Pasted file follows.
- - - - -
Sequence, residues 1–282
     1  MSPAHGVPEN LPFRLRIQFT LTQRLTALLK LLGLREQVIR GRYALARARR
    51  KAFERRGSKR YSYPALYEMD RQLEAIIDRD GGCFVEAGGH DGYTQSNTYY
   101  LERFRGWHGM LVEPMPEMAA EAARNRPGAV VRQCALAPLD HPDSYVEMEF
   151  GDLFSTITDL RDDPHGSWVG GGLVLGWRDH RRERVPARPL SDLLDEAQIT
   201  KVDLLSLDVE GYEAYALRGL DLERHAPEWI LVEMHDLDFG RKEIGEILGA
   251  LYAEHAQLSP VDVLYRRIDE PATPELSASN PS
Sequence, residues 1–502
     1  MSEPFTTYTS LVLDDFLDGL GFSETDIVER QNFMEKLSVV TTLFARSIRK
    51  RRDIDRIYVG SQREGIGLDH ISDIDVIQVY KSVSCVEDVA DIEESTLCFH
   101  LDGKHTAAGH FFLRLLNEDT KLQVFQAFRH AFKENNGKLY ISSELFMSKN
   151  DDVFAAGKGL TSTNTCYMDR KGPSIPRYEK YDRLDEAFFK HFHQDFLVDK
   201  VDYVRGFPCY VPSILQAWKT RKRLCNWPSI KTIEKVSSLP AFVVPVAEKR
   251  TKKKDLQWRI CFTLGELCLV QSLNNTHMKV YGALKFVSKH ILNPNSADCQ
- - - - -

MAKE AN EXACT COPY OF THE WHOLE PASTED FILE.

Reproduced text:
Sequence, residues 1–282
     1  MSPAHGVPEN LPFRLRIQFT LTQRLTALLK LLGLREQVIR GRYALARARR
    51  KAFERRGSKR YSYPALYEMD RQLEAIIDRD GGCFVEAGGH DGYTQSNTYY
   101  LERFRGWHGM LVEPMPEMAA EAARNRPGAV VRQCALAPLD HPDSYVEMEF
   151  GDLFSTITDL RDDPHGSWVG GGLVLGWRDH RRERVPARPL SDLLDEAQIT
   201  KVDLLSLDVE GYEAYALRGL DLERHAPEWI LVEMHDLDFG RKEIGEILGA
   251  LYAEHAQLSP VDVLYRRIDE PATPELSASN PS
Sequence, residues 1–502
     1  MSEPFTTYTS LVLDDFLDGL GFSETDIVER QNFMEKLSVV TTLFARSIRK
    51  RRDIDRIYVG SQREGIGLDH ISDIDVIQVY KSVSCVEDVA DIEESTLCFH
   101  LDGKHTAAGH FFLRLLNEDT KLQVFQAFRH AFKENNGKLY ISSELFMSKN
   151  DDVFAAGKGL TSTNTCYMDR KGPSIPRYEK YDRLDEAFFK HFHQDFLVDK
   201  VDYVRGFPCY VPSILQAWKT RKRLCNWPSI KTIEKVSSLP AFVVPVAEKR
   251  TKKKDLQWRI CFTLGELCLV QSLNNTHMKV YGALKFVSKH ILNPNSADCQ